Writer C. Edward Sellner, who's writing two titles for new publisher Kandora Publishing has been involved in an exchange with retailer Ilan Strasser of Fat Moose Comics and Games.  It started with Strasser expressing doubts about Kandora's pricing strategy (see 'Ilan Strasser of Fat Moose on Kandora Launch'), continued with Sellner's response (see 'Writer C. Edward Sellner on Kandora Launch'), then Strasser issued a challenge (see 'Ilan Strasser of Fat Moose on Kandor, Part 2').  Now Sellner explains why he thinks the Kandora package is the best value:


While part of me is afraid I'm wading into a deep pool, here's the thing...


I appreciate the challenge, but, for us to have taken a year's worth of strategizing, hundreds of hours of work in writing scripts, laying out, penciling, coloring and producing the first few issues at 32-pages of each title under our current strategy and then change a few months before our first release...


It simply can't happen.  Now, if that gets construed into we would not take the challenge, I think it's a bit unfair.


See, we did think about this... a lot.  We looked at a number of options and wrestled with all of them, including some very similar to this challenge.  So, I'm not saying 22-pages at $2.25 is bad; it's just one way to go, we chose another way that we see as just as valid.


Here's what we see.  Even for 22-pages of story at $2.25, your reader is paying 9.7 cents per page.  On our books, readers will be getting 32-pages of story at $3.50, which is 9.1 cents per page.  To me, though granted I'm not a financial wizard, that is a value.  To say it's not is going to be hard to counter.  Whether it's the most appropriate value, or the best strategy, well, you can always find some that disagree.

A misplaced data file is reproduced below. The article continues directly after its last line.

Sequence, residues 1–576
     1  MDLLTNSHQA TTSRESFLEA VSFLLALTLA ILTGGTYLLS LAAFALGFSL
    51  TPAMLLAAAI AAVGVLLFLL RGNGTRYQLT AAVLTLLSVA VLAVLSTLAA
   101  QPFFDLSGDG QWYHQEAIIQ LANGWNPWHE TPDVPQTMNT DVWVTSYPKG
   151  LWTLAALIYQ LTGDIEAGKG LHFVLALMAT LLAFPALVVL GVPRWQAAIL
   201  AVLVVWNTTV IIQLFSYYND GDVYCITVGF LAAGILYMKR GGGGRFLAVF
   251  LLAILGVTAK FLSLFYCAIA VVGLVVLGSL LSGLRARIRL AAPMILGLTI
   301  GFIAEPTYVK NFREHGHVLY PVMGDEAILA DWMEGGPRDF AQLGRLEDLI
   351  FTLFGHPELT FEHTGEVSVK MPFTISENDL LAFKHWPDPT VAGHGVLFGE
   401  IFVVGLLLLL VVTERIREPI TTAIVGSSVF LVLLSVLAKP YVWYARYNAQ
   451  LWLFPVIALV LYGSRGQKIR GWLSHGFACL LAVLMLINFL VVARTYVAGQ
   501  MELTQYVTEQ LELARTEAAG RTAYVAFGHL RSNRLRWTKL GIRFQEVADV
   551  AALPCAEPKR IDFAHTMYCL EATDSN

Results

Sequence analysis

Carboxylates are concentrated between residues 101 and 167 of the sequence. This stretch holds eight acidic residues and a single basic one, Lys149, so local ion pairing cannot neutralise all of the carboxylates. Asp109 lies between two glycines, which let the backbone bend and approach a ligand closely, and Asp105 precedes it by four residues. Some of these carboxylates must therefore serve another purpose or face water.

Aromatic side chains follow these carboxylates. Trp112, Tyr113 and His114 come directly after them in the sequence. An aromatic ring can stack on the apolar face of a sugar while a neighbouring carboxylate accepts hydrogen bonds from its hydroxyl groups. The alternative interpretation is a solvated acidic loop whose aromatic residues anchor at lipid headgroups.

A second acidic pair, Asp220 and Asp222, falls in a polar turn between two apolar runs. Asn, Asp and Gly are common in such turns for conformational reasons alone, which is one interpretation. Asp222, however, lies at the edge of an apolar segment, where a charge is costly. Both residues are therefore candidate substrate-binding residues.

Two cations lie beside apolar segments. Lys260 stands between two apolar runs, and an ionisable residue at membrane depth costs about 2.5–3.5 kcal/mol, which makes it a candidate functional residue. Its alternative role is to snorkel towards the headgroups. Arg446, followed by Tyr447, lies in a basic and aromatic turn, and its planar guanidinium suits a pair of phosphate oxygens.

As someone who has been a lifelong fan of comics, I would jump at the prospect of monthly books with almost a third more story!  I'm the kind that always targeted the giant-sized annuals, or double-sized issues, because I wanted more story and I saw those as a plus.


I know you retailers take a chance every time a book comes out; every dime you spend to buy the book is a risk.  I think we are doing our part to show our commitment.  Producing books like this takes time and energy, and commitment.  The production quality is top notch and the printing will be as well.  All that is also monetary investment, so I certainly don't see us as lacking in that.


But hopefully we can meet in the middle.  I know we want to support retailers out there, knowing you all are our bread and butter.  I believe we're going in a good direction and I hope that that will show through very quickly and very completely.  Maybe if nothing else, some creative promotions can come together to help ensure people know the books exist, so they will ask for them to be reserved.


We'll see.  I still believe.


The opinions expressed in this column are solely those of the columnist and do not necessarily reflect the opinions of the editorial staff of ICv2.com.